Tracing the revival of divine Tigers

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India now has 2,967 tigers and has achieved its target for 2022, this a moment to celebrate and rejoice, it’s almost rectifying all the mistakes of years neglect and blatant violation of nature. Extremely positive that government and conservationist have taken the right steps.

India and tigers have a long association, goddess Durga has Tiger as her vehicle, representing freedom from fear. Even if we have to remove eh religious context, tigers have been an integral part of many tribes and communities in India, worshiped for what they are.

North Eastern Naga Tribe, The Nagas believe that man and tiger are the sons of the same mother. The Warli Tribe consider tigers to be a God. When a Warli hears a tiger roar, or spots tiger pug marks, he will scream “Paoona Aala” meaning the guest has come. In Sanguem and Sattari Taluka regions of Goa, there are several forest-dwelling tribes which worship tigers as God. People of Sunderbans worship the Tiger as the Lord of the South. The Panwar Clan of Central India worships the tiger as Baghdeo. The Tulunadu tribe of South Kanara district of Karnataka worship spirits or bhooth. Baghels of Rewa Madhya Pradesh literally means the Tiger clan is a race which considers themselves to be the descendants of the tiger.

You can read many more antidotes of tigers in across India communities, from far north east to central and south of India, tigers were an integral part of our life.

So what happened, a little research will bring the tales of the massacre of we did and made tigers an indigenous animal, we virtually killed the magnificent creation on account greed and blatant display of power.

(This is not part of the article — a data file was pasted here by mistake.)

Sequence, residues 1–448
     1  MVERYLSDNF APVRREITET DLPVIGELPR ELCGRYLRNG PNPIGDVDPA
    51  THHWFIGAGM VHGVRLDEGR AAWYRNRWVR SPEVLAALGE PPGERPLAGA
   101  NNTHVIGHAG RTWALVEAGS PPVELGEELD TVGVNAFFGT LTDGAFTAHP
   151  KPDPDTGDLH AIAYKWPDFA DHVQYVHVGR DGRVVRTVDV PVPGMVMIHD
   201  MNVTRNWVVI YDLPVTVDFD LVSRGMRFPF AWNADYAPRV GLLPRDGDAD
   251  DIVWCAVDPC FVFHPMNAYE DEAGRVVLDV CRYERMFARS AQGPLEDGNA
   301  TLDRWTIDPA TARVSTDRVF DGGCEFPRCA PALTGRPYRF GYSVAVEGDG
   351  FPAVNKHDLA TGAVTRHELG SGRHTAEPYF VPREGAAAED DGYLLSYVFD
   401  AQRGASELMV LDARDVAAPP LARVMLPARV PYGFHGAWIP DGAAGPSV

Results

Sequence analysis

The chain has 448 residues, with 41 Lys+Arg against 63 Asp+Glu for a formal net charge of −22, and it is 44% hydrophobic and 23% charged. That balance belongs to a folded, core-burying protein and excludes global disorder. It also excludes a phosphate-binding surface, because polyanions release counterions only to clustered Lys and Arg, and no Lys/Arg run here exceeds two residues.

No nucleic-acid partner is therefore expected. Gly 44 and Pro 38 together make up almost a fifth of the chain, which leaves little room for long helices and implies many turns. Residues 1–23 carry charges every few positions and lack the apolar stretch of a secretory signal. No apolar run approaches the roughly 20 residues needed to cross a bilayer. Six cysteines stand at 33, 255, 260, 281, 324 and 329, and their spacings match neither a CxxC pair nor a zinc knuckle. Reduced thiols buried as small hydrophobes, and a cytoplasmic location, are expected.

According to records, there were some 80,000 tigers slaughtered between 1875-1925. As per, India’s tigers have been in the cross hairs for centuries, with elite safaris dating back to the early 16th century. They rose out of Mughal Emperor Jalal-ud-Din Muhammad Akbar’s passion for the big game: He began a tradition of royal hunting, or shikar, that was carried on by Mughal rulers until the dynasty fell in 1857 and this was followed up by British Raj along with “Princely States.” Kings and lords, generals, and Maharajas.

This illustration by the Mughal court artists Basawan and Tara the Elder to the Akbarnama (Book of Akbar) depicts the Mughal emperor Akbar (r.1556–1605) slaying a tiger near Narwar, central India, in 1561

Jehangir had a minute account kept of his prolific hunting over a thirty-six-year period between 1580 and 1616 during which time he is said personally to have killed 17,167 animals, including eighty tigers (Ali 31: 841–42). Likewise, seventeenth-century Italian visitor Niccolao Manucci wrote that Shah Jahan’s “ordinary amusement was tiger hunting” (qtd. in Ali 31: 843).

“After ascending the throne in 1911, King George V and his retinue traveled north to Nepal, slaying 39 tigers in 10 days. Colonel Geoffrey Nightingale shot more than 300 tigers in India”

“Newly-crowned Rewa kings in Central India thought it auspicious to slay 109 tigers after their coronation”

Britons tried to emulate various Mughal emperors for whom tiger hunting was an element of kingship, but on the way to presuming themselves the “New Mughals” so were the act of princely states of India.

Things would never change unless Indira Gandhi stepped and took a stand in 1970 and banned tiger hunting, quite surprising know the tiger hunting was a tourist attraction in until 1960.

Centuries of repeated assault and mass killing of tigers are making them rare and this revival is in the right direction. I strongly believe the renaissance of our social fabric, culture, environment is round the corner, all we need to is focused attempt. Seeing the progress on tiger conservation should make us feel good. Goddess Durga will be happy!


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